Melting snow can show winter’s damage
April has arrived and we are now seeing more ground than snow, so we are on the right track! As the snow recedes, we often find a lot of winter damage to our shrubs and sometimes to our trees due to heavy snows, rodents and the wind. Wind is a common element in our area and this winter we seemed to have a great deal of it. I am not a fan of wind, but wind in the winter time allows the dead branches to fall free from the large trees, so there is a bonus for me.
The first thing I do in spring is get outside and smell the fresh air. While I am doing this and being serenaded by all the birds who are just as happy as I am to see spring, I take a look around the yard to see what is happening. Our heavy snows were tough on some bushes, but mostly hard on low evergreens. Tall and narrow arborvitae can get snapped branches due to the heavy wet snows that brought many tops near the ground. With natural snow melt, these often break free and spring back to life without issue, but there are times the limbs can break due to the weight and lack of flexibility. My columnar arborvitae gave me a scare, but they all came through without much trouble. My globe arborvitae were nearly flattened underneath the weight of the snow and mostly buried throughout the winter. As the snow has receded, I have seen a few central branches separated from the main stem, which will cause a gap for now. Careful pruning of these broken branches is important. A nice clean cut to allow efficient healing is best and by the end of the year, many of these smaller holes will fill in with new growth. For larger shrubs, this may take an additional season.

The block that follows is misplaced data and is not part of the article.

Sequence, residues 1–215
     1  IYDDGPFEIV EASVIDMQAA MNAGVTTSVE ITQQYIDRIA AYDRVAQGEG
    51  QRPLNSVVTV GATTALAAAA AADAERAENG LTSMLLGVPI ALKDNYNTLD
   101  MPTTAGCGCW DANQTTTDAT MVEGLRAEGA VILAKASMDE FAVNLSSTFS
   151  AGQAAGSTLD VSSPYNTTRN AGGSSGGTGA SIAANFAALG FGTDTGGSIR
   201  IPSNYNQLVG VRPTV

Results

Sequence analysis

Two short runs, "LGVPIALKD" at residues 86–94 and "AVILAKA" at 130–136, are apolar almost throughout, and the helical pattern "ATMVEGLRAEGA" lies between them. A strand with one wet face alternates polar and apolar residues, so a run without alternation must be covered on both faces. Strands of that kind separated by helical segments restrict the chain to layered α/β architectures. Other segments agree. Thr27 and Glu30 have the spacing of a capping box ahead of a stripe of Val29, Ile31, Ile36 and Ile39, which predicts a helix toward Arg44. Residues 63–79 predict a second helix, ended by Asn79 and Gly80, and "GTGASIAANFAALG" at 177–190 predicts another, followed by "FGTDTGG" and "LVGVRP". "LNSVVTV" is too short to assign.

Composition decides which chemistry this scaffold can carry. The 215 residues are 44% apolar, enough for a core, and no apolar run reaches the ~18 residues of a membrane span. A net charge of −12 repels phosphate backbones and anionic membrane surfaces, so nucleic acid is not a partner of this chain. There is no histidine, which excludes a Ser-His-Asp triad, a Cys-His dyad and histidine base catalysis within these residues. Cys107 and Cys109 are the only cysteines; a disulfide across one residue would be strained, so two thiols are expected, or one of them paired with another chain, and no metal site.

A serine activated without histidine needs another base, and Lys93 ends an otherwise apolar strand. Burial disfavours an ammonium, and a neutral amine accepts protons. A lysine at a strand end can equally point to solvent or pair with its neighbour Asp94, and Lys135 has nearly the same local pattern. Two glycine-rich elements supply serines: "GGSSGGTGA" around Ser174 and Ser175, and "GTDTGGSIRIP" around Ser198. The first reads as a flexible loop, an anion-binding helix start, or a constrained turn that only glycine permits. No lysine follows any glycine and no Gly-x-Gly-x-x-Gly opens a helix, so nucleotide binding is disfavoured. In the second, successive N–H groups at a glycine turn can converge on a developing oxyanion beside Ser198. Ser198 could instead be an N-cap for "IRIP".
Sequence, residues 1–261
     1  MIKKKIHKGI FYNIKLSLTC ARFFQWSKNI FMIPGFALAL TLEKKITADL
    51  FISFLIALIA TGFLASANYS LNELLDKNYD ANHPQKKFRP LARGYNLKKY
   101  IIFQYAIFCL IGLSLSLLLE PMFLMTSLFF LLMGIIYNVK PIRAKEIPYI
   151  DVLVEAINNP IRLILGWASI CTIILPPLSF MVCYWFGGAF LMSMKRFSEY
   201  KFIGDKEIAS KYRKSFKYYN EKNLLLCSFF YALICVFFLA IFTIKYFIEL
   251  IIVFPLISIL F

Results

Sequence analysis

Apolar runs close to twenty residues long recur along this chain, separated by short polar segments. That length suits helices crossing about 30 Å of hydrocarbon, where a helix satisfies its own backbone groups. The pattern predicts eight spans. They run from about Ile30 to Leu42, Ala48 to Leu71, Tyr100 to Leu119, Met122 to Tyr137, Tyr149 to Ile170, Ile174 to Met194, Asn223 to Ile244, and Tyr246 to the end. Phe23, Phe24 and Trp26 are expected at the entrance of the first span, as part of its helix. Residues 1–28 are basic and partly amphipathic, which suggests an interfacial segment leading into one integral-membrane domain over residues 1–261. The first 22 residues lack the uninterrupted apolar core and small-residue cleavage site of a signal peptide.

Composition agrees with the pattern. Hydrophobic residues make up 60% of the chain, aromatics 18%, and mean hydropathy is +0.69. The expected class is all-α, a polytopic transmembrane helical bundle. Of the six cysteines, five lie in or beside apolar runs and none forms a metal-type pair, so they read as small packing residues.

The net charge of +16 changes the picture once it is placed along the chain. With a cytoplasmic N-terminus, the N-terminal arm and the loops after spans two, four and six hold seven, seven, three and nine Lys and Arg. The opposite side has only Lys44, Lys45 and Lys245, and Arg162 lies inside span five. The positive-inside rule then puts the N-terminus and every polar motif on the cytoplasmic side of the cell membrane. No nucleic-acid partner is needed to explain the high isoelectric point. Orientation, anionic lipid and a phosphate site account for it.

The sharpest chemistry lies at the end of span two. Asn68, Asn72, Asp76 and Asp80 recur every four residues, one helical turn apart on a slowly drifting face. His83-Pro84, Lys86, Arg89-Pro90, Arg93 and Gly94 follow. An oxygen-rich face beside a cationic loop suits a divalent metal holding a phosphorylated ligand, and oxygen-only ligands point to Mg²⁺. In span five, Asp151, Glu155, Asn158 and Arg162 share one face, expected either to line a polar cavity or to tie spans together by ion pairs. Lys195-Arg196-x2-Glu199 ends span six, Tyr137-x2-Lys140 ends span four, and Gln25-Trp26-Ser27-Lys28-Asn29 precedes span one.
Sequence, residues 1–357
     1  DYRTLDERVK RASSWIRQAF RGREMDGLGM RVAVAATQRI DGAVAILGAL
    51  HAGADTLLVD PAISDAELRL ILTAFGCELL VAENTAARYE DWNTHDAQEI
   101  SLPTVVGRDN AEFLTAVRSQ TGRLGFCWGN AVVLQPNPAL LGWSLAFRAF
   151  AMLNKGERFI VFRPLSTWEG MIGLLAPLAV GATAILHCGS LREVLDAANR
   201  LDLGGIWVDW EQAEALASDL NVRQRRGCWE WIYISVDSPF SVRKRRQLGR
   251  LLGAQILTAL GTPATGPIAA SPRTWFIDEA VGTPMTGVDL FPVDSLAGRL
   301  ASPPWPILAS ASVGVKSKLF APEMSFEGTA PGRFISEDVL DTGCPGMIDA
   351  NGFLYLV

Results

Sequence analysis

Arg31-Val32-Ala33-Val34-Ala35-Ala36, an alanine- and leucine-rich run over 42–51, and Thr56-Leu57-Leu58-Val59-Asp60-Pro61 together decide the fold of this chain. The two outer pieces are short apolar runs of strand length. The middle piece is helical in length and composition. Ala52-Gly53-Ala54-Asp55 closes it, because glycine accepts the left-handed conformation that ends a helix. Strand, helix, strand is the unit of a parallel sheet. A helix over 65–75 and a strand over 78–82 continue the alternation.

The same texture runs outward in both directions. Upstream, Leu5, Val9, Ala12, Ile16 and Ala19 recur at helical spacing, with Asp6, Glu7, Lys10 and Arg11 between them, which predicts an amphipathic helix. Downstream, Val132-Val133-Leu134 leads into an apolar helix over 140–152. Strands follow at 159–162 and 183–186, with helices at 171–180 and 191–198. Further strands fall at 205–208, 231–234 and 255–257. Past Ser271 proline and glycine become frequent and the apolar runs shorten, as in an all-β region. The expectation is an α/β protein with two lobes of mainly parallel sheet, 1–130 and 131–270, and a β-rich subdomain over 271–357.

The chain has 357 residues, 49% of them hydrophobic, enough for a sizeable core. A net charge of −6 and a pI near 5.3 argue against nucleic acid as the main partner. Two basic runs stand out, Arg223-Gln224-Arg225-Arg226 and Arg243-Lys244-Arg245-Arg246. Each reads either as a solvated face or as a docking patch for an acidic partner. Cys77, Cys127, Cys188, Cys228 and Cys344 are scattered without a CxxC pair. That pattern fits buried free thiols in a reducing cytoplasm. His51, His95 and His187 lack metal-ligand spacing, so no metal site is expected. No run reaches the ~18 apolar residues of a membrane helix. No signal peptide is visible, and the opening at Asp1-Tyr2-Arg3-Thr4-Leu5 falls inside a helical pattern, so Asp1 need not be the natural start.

Shrubs that have soft wood are often damaged due to rodents such as mice, voles and rabbits. Often rabbits will target areas above the snow line and chew off all the ends. In some cases this is just a nice natural pruning element, but in other cases, this results in an irregular shape. If that is the case, simply reshape the shrub after the snow leaves and before the leaves bud. Voles and mice go underneath the snow and eat off the bark of the stems and often girdle these stems, causing the end of the branch to die. Sometimes this damage is severe where the entire bush needs to be cut to the ground to regrow or it is minimal where you can just cut out the damaged areas. In most cases, the shrub will remain just as healthy and vibrant as years past.
Often I tell people to protect young and new fruit trees in the fall time by placing a wrap around the stems or main trunk. Not only does this prevent sunscald to happen on the bark, but it also protects the bark from been eaten by these rodents. If the animals strip the bark off all the way around the base of your tree, everything above that point will die. If it is only stripped at 50 percent of less, this will scar over and in most cases the tree will survive to live a full and healthy life.
Dwarf Alberta spruce or one of the evergreens that suffer the most from winter burn. This is when the sun and the drying winds of winter rob the needles of moisture and they turn rusty brown. In most cases, after the tree buds out in spring, the new green growth fills in the gaps and makes the winter damage fade away. This is really just the process of the dead needles falling off and the new ones taking over. Some junipers will burn also, but before cutting anything out early, wait till the end of June to see what areas are growing and which ones need to be cut out at that time. Often a burned branch can set new buds for green growth.
Some lawns will experience snow mold. This usually happens when the wet snow creates an ice layer underneath and doesn’t allow the grass below to breath and reach the air. A webby looking coat will cover small spots of your lawn and cause them to brown up. Once these areas dry out, a quick addition of grass seed over those areas will solve the problem by June.
As for now, inspect the yard and see what needs to be done and what has happened over the winter months. As for me, I have a few branches to clip out and many dead branches to collect off the ground that have fallen from the trees. These will make excellent kindling for the fire pit and a nice relaxing evening outdoors.